Stories about The Bridge from February, 2023
Iran's protest movement has fueled criticism of the "Iran Lobby," a term used to describe those who support the Islamic Republic and its policies.
Grigory Ioffe writes about the growing rupture between the new Belarusian diaspora and those who remain in the country, as well as the hopeless plight of Belarusian political prisoners.
Kathryn Stollmeyer Wight was something practically every citizen of this country proudly claims to be — a Trini — but what does that actually mean?
Shakira represents a model of hegemonic femininity and contradictions that are conceived and represented in her body.
[T]here is a fluorescence of joy and creativity like when dawn pierces a long and unnatural dark, splitting an entire horizon with a radiance that awakens.
The memories of the failed Peasant Revolt of 1573 continued to serve as a beacon of hope, inspiring numerous pro-freedom actions in the Balkans and beyond.
How one Hindu devotee is using Trinidad & Tobago Carnival's ‘Jab Jab’ character to invoke sacred, feminine power
[S]he is bringing a diasporic consciousness of Jab Jab mas as descended from India [...] defying indenture-descended, male religious prerogative over when and how she can be Indian, woman and Hindu.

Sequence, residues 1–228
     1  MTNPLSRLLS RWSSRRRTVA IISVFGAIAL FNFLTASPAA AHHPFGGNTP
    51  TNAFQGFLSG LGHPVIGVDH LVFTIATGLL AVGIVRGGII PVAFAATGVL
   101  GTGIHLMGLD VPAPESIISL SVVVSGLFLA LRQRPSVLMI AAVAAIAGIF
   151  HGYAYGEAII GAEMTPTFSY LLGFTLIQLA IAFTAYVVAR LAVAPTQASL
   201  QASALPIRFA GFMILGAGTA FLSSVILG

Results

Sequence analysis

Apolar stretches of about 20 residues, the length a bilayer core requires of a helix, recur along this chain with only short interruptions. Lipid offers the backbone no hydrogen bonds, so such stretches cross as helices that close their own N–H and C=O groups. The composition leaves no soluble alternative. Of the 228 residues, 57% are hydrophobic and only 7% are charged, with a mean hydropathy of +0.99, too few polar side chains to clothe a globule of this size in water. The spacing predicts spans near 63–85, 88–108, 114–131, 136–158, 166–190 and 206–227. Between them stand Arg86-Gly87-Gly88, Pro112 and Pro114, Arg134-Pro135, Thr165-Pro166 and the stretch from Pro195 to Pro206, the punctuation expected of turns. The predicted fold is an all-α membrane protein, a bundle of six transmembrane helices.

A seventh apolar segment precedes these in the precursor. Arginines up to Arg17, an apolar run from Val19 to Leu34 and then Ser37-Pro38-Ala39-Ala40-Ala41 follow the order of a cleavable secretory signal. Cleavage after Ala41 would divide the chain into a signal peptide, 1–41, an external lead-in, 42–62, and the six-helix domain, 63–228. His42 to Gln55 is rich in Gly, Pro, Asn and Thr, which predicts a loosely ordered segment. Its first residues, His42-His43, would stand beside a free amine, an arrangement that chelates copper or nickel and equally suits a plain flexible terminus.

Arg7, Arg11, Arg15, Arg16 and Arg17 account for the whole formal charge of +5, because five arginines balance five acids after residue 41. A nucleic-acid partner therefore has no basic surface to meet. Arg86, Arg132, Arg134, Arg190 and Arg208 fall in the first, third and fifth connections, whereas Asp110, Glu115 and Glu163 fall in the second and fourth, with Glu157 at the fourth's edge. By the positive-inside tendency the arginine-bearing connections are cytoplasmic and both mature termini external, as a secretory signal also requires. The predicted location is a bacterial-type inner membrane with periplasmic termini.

There needs to be a concerted effort to shift the paradigm towards the industrial and service sectors and encourage more workers to move sectors — all with extensive government support.
Serbian government withdraws – for the second time – draft law governing the work of police with provisions enabling invasions of privacy, after civil society outcry and international pressure.
Soca star Patrice Roberts’ tribute to calypsonian ‘Penguin’ is woman power’s new take on Trinidad and Tobago’s ‘Soft Man’
Roberts’ decolonial declaration of being human on African, female terms is defined through her contemporary engagement with sexuality, gender, intimacy, pleasure, and violence.
What does Russian propaganda do? It replaces the associations of words so that we perceive the world as better and safer, as a world in which there is no war
Rwandan President Kagame's Flickr account begs the question: Can Africa reclaim its visual identity?
Renowned Nigerian writer Chimamanda Ngozi Adichie has spoken of how stories can influence identity, shape stereotypes and build paths to empathy. How about images? What is the danger of a single image?